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Clemens solid in first Major League start

HOUSTON -- The Astros endured their 87th loss of the season Tuesday night, which may lead you to believe they've gotten used to watching other teams shake hands or don't expect to win each and every time they come to the ballpark.

Many of the players who are performing in key roles weren't around to suffer many of the lumps the team took in the first half of the season and are more enthused about their future than they are worried about a team headed toward another 100-loss season.

It didn't take enhanced vision to look through a disappointing 4-3 loss to the White Sox at U.S. Cellular Field to see why the Astros believe their future is in good hands with youngsters like starting pitcher Paul Clemens, outfielder Robbie Grossman and third baseman Matt Dominguez leading the way.

"We're having fun," said Grossman, who went 3-for-5 to extend his hitting streak to 14 games. "That's all this game is about, coming to the park and having fun. We're getting to the point we expect to win every night, and I'm excited."

Clemens, called up from a short stint at Triple-A Oklahoma City to make his first Major League start, threw six solid innings and Grossman and Dominguez each had three hits, but the Astros' bullpen again couldn't protect the lead.

Veteran Erik Bedard, who was moved from the rotation earlier this week to make room for Clemens, gave up three runs in the eighth inning to allow the White Sox to come back from a 3-1 deficit for their ninth win in their last 11 games.

"It's different," Bedard said about coming on in relief for only the sixth time in his career. "It's going to take a little time to get used to, but I did the best I can."

The Astros' 25th blown save of the season cost Clemens a win. He held the White Sox to one run and four hits and gave a strange postgame interview in which he tried to limit himself to short answers.

What was the key for you today?

"Executing my pitches," he said.

Frustrated?

"No, I feel good," he said.

Excited to come back and see everybody?

"Mmm hmm," he said

What did you try to work on in Triple-A?

"Just executing my pitches," he said.

Astros manager Bo Porter was pleased with the effort of Clemens, who struggled while making 30 appearances out of the bullpen earlier this year before being sent down. He was the third Astros pitcher to make his first Major League start in the past six weeks (Jarred Cosart, Brett Oberholtzer ).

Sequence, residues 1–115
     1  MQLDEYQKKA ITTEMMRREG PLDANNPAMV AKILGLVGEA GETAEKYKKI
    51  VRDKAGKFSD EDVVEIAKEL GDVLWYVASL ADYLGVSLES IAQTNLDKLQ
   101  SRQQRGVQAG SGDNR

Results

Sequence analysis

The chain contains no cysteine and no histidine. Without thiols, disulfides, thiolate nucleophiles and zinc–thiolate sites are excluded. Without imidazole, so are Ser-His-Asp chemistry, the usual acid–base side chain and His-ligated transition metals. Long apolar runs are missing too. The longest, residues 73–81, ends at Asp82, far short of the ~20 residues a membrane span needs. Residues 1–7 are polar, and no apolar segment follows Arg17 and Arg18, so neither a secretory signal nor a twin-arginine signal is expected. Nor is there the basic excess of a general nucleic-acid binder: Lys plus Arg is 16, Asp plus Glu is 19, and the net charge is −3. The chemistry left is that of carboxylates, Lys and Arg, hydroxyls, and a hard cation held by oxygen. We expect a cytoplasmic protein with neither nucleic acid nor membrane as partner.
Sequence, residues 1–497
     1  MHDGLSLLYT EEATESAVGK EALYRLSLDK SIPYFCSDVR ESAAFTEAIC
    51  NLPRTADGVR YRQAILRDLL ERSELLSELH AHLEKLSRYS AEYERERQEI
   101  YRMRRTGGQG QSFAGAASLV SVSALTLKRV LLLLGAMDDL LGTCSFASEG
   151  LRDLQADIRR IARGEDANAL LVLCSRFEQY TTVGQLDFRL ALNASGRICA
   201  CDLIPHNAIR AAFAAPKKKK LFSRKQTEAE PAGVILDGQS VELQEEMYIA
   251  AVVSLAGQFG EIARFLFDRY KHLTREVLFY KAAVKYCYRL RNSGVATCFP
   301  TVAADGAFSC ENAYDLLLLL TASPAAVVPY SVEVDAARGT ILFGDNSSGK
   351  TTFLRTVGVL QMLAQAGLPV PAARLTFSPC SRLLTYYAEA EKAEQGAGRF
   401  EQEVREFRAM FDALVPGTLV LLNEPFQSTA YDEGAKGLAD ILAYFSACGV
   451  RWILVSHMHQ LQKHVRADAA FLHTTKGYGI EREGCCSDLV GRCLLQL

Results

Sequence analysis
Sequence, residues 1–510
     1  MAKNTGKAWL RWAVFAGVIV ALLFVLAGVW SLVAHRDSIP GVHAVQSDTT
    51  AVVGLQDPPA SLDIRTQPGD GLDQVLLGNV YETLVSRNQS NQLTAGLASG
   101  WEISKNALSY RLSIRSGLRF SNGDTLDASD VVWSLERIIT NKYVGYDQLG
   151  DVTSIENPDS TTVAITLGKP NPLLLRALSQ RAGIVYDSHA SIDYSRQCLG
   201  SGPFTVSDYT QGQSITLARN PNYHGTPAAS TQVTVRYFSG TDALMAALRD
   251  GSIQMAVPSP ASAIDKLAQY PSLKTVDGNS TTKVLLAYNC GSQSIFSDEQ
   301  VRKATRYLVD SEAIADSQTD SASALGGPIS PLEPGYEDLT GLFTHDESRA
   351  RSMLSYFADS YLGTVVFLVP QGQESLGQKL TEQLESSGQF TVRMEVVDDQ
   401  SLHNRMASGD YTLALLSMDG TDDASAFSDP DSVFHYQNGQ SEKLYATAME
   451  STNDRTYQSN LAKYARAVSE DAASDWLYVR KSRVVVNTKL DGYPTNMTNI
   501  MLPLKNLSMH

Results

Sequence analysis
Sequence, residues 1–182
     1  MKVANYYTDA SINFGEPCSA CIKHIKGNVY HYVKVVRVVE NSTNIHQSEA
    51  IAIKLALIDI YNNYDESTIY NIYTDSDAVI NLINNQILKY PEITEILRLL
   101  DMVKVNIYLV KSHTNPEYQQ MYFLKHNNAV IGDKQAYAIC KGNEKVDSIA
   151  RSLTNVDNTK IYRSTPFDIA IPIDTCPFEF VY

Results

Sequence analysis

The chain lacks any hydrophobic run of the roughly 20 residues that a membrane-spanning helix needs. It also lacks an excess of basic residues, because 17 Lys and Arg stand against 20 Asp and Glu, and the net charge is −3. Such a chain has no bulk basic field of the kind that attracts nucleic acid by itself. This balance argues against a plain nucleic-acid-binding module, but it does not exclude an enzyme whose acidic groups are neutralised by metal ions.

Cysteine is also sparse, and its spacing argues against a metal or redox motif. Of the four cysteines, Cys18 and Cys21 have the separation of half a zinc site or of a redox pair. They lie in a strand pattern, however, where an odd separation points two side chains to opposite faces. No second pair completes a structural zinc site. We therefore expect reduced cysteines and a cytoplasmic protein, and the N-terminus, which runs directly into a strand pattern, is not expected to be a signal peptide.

"Clemens did a tremendous job," Porter said. "He did a good job of battling. His command was not there the whole night and [he] ran into a little bit of trouble, but he was able to make some good pitches to get out of some tough situations."

Porter said he gave the ball to Bedard in an effort to try to let him finish the game. He worked a scoreless seventh and had a 3-1 lead in the eighth after Chris Carter came through with an RBI single.

"He's obviously built up because he had been starting all year, and you look at where we're at with their lineup and the number of lefties in it," Porter said. "He's able to get lefties and righties out, and you feel pretty good that Erik Bedard had the ball in that situation."

The White Sox rallied in the eighth, cutting the lead to 3-2 on an RBI single by Paul Konerko and taking a 4-3 lead on a bases-loaded single by Jordan Danks, who went 3-for-4 to extend his career-high hitting streak to nine games.

"I'm feeling good at the plate and I was really happy that [manager] Robin [Ventura] let me stay in there at the end," Danks said. "I know there was a lefty going and a lot of times I don't get to face guys like that, especially with guys in scoring position. But I always like to be that guy. Even if you don't come through, you always want to be in that situation. It was very cool."

Dominguez, who's hitting .395 (17-for-43) with three doubles, four homers and nine RBIs in the team's last two road trips, drove in a run in the fourth inning with a bloop double and put the Astros ahead, 2-1, in the sixth with a two-out RBI single.

Grossman matched his career high with three hits and has the longest active hitting streak in the Major Leagues. He's batting .365 (23-for-63) with five doubles, nine RBIs and seven runs scored during his streak.

"[He's] a confident guy who made the necessary adjustments he needed to make to straighten out his swing and straighten out his approach, and he is reaping the benefits of his adjustments," Porter said.

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